February 9, 2020

For Those Who Are Curious About What Atheists Want

deer

I guess the title of this post is a bit of a misnomer. Atheists are far too diverse for me to be able to reasonably claim that we all want anything. The best I can do is talk about what I want or try to address some of the most common things I hear from atheists about what they want while recognizing the diversity. But...(you had to know that was coming)...I did want to share one very brief thought with you about something I'd bet almost all atheists could agree we'd like to see.

Imagine a scenario where an elected official or someone running for political office says something most reasonable people find racist, sexist, homophobic, or anti-Semitic. I realize we don't have to stretch our imaginations much because this sort of thing still happens. And when it happens, the response is usually one of understandable outrage. It isn't that these scenarios are always (or even usually) career-ending; however, there is usually a response that makes it clear to the guilty party that they probably shouldn't have said what they said.

If we focus on the religious aspect of this and expand it a bit, we could imagine our elected official or political candidate making statements that were blatantly bigoted toward members of various religious groups (e.g., Jews, Muslims, Catholics, Mormons). In most of these cases, there would be immediate public outrage and pressure to apologize. Before the ordeal was over, the person involved would probably learn that they should not have said what they said.

I realize I'm just one atheist speaking here, but I'd like to see this extended to bigotry directed at atheists. That is, I'd like to see it become equally unacceptable for an elected official or a candidate running for office to make bigoted statements about atheists as it is to make them about any of these other religious groups. Specifically, someone who says that atheists should not be permitted to hold public office because they are evil should be treated to the same reaction as someone who said this about Jews, Catholics, etc.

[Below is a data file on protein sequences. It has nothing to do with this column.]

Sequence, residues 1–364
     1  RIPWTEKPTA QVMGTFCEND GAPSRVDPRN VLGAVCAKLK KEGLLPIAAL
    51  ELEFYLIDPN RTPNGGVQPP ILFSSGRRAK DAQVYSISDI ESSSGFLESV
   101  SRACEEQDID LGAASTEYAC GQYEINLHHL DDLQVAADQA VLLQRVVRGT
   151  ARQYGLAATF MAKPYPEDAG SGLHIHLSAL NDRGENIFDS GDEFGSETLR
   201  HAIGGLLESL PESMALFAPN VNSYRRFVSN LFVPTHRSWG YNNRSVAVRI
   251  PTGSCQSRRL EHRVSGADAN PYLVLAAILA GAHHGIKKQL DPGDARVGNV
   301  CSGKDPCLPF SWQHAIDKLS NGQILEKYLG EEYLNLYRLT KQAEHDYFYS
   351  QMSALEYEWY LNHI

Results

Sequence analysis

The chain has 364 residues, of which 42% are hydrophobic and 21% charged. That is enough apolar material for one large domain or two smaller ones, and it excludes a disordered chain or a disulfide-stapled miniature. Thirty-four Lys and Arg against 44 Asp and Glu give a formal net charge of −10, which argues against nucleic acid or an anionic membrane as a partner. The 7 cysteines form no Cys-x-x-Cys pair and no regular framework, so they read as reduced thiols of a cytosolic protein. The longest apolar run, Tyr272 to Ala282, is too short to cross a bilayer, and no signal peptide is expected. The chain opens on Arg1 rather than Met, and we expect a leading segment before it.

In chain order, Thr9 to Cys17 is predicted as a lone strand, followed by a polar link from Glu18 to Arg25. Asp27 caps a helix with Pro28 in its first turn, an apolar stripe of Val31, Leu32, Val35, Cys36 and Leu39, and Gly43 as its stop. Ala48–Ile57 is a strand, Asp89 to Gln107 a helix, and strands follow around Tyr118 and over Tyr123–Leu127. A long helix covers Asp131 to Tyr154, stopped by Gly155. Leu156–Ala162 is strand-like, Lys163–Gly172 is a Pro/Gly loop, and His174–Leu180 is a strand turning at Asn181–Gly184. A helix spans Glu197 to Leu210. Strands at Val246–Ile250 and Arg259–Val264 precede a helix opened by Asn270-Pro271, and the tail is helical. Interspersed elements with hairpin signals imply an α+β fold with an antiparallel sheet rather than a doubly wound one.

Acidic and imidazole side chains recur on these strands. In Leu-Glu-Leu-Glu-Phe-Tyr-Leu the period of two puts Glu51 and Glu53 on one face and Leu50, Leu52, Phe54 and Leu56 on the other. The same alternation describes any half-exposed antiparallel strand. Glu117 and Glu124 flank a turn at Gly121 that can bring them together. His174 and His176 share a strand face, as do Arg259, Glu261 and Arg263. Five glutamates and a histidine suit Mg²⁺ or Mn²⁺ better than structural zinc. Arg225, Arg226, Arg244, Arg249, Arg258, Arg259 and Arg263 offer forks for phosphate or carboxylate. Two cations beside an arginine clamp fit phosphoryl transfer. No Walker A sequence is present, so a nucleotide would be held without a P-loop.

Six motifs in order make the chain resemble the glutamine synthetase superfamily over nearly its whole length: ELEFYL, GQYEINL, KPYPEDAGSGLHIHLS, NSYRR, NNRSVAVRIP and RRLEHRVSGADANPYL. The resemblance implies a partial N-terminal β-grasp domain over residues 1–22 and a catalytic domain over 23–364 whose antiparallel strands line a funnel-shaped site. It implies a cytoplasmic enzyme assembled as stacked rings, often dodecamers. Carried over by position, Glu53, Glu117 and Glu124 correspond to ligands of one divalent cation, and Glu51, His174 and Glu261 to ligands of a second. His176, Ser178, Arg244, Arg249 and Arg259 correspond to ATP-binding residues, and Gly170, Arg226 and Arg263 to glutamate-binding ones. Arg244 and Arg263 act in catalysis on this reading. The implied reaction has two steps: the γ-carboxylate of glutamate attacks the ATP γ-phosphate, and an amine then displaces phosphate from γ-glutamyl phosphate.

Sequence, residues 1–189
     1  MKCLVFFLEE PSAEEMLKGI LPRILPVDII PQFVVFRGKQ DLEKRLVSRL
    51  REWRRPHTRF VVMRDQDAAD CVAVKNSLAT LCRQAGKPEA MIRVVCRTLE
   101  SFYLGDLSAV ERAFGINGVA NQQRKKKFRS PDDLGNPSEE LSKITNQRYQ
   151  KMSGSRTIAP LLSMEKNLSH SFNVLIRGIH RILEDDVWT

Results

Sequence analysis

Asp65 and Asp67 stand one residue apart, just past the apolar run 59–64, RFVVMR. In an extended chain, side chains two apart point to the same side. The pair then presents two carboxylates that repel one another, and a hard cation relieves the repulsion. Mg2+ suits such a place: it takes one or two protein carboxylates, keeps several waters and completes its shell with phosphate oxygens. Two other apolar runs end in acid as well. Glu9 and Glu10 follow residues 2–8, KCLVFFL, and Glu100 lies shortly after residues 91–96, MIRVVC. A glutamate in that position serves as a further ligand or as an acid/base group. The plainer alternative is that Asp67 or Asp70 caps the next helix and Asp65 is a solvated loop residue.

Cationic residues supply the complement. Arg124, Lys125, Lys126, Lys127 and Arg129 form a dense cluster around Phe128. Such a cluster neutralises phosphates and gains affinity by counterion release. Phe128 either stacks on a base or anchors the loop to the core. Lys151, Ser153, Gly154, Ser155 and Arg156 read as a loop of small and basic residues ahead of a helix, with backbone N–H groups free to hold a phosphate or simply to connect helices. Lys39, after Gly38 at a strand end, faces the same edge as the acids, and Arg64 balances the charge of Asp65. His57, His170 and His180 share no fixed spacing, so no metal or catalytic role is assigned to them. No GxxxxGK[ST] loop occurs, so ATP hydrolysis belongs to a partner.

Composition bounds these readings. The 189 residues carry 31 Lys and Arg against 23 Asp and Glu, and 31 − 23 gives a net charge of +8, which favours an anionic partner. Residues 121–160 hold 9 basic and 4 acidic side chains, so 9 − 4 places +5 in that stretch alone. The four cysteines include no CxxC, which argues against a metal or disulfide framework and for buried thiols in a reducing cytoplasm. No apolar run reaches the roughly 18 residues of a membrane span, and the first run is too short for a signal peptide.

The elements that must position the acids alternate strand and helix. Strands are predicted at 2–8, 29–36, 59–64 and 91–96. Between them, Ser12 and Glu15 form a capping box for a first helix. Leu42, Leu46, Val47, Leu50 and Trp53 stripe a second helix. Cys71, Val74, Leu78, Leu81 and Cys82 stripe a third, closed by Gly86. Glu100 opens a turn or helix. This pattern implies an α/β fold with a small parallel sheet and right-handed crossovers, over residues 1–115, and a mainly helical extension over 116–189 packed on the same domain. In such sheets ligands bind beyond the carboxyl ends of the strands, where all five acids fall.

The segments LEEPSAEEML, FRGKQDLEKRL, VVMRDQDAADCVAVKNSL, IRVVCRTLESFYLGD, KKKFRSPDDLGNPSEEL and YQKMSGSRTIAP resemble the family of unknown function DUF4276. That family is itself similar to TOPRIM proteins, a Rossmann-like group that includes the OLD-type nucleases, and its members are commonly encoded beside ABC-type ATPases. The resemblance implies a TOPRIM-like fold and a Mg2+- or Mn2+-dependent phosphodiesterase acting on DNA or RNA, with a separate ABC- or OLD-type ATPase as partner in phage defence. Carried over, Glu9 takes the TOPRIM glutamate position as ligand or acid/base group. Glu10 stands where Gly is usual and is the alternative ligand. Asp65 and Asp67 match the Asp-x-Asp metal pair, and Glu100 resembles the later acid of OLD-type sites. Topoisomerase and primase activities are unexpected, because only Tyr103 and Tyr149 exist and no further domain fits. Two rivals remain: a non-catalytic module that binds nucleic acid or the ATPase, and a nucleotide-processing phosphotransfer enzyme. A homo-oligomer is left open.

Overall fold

In truth, I'm not sure that most atheists would agree with this. I know I said so above, and I'd really like to think so; however, I suspect that there are at least some atheists who will not be able to get past what they will perceive as a free speech issue. We can certainly debate whether public outrage is an appropriate response in any of these cases, but that is not my point here. My point is that if there is going to be public outrage in the face of bigotry directed at these other groups, the reaction should be similar when atheists are the group being targeted. Why? Because this tells us a great deal about the degree to which bigotry against atheists is socially acceptable.

I'd like to see a significant reduction in the socially acceptability of anti-atheist bigotry. I'd like us to reach the point where an elected official or a candidate running for office would perceive making bigoted statements about atheists to be harmful to their chances of winning or remaining in office. I'd like our elected officials and candidates running for office to realize that atheists are going to be an increasing proportion of their constituency and behave accordingly. This does not mean they must agree with us and abandon their faith; it does mean they must overcome their bigotry.